Could stoic philosophy for PR professionals work?

A few hundred years BC, a Cypriot merchant lost everything in a shipwreck.

His name was Zeno and according to the legend, he walked into a bookstore, broke and almost beaten, and started to search for answers by reading philosophy. Some years later, he went on to lay the foundation of stoicism.

A stoic believes that the world should be taken at face value without expectations.

But stoicism is also, in more ways than one, the opposite of traditional public relations; we strive to influence perception and manufacture consent by making people wanting more.

In PR, it’s so often about bigger, better, faster, stronger. More drama. More conflict.

What if Zeno was right — and we are wrong?

When the obstacle is the way

The idea of a stoic approach to public relations made me revisit a book I read a few years ago, Ryan Holiday and his book The Obstacle is the Way: The Timeless Art of Turning Trials into Triumphs.

Drawing from stoic philosophy, Holiday makes the argument that Stoicism isn’t just about enduring pain and adversity with perseverance and resilience; it’s about allowing these obstacles to make you grow.

A stoic PR professional, then, would shy away from trying to reach the masses with the use of fireworks and hyperbole promises. To succeed with public relations the stoic way, obstacles must be transformed into PR opportunities. The difficulty of your path will be your best tool for conquering public opinion.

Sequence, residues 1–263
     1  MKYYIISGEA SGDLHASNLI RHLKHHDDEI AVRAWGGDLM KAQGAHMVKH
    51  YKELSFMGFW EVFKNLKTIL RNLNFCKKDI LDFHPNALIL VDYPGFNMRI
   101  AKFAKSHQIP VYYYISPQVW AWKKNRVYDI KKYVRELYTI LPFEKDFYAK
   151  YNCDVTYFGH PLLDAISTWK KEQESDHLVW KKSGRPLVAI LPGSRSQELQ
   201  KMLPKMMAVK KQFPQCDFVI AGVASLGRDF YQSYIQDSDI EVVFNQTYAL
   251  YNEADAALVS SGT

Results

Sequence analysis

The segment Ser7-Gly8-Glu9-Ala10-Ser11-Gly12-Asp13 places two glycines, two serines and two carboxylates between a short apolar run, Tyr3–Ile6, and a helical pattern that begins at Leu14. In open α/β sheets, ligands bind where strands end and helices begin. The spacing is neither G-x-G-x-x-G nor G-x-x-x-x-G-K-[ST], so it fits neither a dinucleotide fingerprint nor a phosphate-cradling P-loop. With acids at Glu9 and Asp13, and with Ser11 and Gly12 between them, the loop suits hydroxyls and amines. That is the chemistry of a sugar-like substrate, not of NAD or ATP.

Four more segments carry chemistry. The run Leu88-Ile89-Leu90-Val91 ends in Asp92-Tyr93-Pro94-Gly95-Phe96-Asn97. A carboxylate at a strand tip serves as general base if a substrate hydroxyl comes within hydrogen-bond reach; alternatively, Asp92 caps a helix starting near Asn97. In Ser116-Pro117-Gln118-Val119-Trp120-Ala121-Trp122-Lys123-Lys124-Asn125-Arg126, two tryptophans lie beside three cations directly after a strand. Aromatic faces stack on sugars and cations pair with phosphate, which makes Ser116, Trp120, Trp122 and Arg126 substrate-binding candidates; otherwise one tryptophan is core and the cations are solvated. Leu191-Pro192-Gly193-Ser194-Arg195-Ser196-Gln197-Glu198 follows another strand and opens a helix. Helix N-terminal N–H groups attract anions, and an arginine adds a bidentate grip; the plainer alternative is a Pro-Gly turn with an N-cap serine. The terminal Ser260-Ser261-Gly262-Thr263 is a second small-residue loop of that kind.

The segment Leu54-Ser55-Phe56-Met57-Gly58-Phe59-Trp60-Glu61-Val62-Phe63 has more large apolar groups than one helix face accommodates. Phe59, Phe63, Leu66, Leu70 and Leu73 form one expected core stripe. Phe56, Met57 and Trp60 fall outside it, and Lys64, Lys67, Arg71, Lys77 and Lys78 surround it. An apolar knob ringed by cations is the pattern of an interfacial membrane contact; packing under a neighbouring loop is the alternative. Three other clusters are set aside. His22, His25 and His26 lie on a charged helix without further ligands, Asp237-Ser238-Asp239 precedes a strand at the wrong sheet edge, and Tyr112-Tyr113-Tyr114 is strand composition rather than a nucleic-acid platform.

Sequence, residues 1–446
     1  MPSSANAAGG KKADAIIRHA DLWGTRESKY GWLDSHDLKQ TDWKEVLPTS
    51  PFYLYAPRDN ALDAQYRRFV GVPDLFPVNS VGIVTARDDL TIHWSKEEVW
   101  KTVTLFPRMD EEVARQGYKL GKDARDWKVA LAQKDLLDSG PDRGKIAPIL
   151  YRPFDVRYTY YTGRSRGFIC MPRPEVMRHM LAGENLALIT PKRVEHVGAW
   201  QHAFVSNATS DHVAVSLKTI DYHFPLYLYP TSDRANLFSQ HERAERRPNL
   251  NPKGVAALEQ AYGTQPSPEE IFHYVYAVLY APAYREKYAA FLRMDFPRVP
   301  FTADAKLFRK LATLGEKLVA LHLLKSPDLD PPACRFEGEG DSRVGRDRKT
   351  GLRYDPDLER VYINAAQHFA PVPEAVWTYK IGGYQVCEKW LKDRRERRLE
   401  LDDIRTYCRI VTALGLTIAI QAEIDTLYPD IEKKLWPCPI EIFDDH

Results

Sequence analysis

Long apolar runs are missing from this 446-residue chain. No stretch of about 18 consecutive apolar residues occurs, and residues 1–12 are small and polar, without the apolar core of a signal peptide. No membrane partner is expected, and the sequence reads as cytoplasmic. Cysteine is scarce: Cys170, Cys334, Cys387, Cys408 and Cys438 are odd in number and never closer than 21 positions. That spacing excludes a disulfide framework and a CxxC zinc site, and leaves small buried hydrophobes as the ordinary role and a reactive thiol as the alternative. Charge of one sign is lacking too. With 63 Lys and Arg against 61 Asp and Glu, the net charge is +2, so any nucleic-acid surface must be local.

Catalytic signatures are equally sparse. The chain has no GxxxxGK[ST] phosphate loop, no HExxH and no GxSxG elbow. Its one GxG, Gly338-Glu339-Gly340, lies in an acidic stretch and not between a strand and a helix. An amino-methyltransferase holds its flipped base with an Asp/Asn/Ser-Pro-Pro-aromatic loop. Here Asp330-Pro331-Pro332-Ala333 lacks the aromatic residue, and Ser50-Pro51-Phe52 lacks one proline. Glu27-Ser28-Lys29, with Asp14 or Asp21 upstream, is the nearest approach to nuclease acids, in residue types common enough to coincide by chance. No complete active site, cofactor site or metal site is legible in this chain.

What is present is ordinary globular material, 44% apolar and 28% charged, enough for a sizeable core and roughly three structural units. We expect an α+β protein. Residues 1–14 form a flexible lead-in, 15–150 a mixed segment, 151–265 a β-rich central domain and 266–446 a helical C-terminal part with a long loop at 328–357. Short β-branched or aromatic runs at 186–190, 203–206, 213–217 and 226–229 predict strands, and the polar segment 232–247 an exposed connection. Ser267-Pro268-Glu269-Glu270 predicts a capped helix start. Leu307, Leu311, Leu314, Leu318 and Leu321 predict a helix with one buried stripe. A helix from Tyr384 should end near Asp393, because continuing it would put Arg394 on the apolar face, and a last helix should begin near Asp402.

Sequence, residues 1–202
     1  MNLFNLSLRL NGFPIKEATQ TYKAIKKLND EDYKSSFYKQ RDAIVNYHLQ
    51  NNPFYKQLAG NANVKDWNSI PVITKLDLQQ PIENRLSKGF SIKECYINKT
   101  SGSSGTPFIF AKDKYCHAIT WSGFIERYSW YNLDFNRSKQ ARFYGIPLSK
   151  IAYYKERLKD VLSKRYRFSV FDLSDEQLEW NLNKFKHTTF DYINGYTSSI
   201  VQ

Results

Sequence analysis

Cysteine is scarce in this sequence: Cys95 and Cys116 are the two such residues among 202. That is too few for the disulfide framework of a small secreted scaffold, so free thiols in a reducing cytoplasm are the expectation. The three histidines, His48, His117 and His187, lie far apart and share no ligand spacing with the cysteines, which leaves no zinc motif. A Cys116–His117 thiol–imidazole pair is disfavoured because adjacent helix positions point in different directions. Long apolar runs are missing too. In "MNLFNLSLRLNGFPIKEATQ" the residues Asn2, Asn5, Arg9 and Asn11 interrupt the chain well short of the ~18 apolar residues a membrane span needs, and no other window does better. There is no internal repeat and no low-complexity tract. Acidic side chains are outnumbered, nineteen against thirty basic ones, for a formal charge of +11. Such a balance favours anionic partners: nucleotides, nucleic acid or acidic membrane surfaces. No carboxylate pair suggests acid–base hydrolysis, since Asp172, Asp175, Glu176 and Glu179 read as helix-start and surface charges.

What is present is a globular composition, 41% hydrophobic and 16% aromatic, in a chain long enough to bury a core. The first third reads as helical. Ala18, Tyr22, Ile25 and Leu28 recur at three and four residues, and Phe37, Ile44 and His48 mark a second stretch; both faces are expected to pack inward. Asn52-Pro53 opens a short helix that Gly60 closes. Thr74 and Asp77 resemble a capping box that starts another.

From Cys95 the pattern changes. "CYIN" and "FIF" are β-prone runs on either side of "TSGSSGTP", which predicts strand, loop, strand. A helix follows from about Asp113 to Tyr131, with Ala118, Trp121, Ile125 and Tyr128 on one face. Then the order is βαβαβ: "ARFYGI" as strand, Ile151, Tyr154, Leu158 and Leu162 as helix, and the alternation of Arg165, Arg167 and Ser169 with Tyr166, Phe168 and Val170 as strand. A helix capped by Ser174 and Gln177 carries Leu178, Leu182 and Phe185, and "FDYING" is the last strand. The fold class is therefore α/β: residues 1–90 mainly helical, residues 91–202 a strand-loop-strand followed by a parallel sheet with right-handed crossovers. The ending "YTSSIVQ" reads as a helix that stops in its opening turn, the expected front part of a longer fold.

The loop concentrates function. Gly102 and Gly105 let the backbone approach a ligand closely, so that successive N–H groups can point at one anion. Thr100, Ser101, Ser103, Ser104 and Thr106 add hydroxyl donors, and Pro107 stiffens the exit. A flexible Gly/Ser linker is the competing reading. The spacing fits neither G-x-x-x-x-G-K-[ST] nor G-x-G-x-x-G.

So, how could stoic philosophy for PR professionals work?

Stoic philosophy for PR

1. The wisdom pitch

Nassim Nicholas Taleb wrote:

“A Stoic is someone who transforms fear into prudence, pain into transformation, mistakes into initiation, and desires into undertaking.”

  • Tell the story of how your business overcomes obstacles that have stopped others in their tracks.
  • Tell the story of the importance of applying wisdom, knowledge, and experience.

2. The courage pitch

Epictetus wrote:

”We cannot choose our circumstances, but we can always choose how we respond to them.”

  • Tell the story of a brand who never backs down in the face of difficulties that would destroy other businesses.
  • Tell the story of how a business can do things that are righteous but also extremely uncomfortable.

3. The justice pitch

Marcus Aurelius wrote:

“Concentrate every minute on doing what’s in front of you with precise and genuine seriousness, tenderly, willingly, with justice.”

  • Tell the story of how your business relentlessly strives for honesty and transparency — also when it’s uncomfortable.
  • Tell the story of how your brand, without exception, is cleansing itself of dishonesty and incompetence.

4. The temperance pitch

Seneca wrote:

”It’s not the man who has too little, but the man who craves more, who is poor.”

  • Tell the story of a business that strives for higher values in a world where all other businesses strive to maximise their profits.
  • Tell the story of a brand that is prepared to abstain from maximising profits to make the world a better place.

Could stoic philosophy for PR work?

I actually think that stoic philosophy for PR professional could be a valuable approach. I like the idea of a PR professional who sees PR opportunities where others only see obstacles.

I also like the idea of a PR professional who’s not striving for short-lived fireworks, but one who strives for building brands of substance. I like the idea of a PR professional who drives awareness through doing things that are difficult.

For such a PR professional, the ultimate goal is not fame nor money, but rather a value-centric approach to business.

Learn more: In How to measure public relations, I discuss how to shift a business to a value-centric approach.

Photo by Charlotte Butcher and David Izquierdoon Unsplash.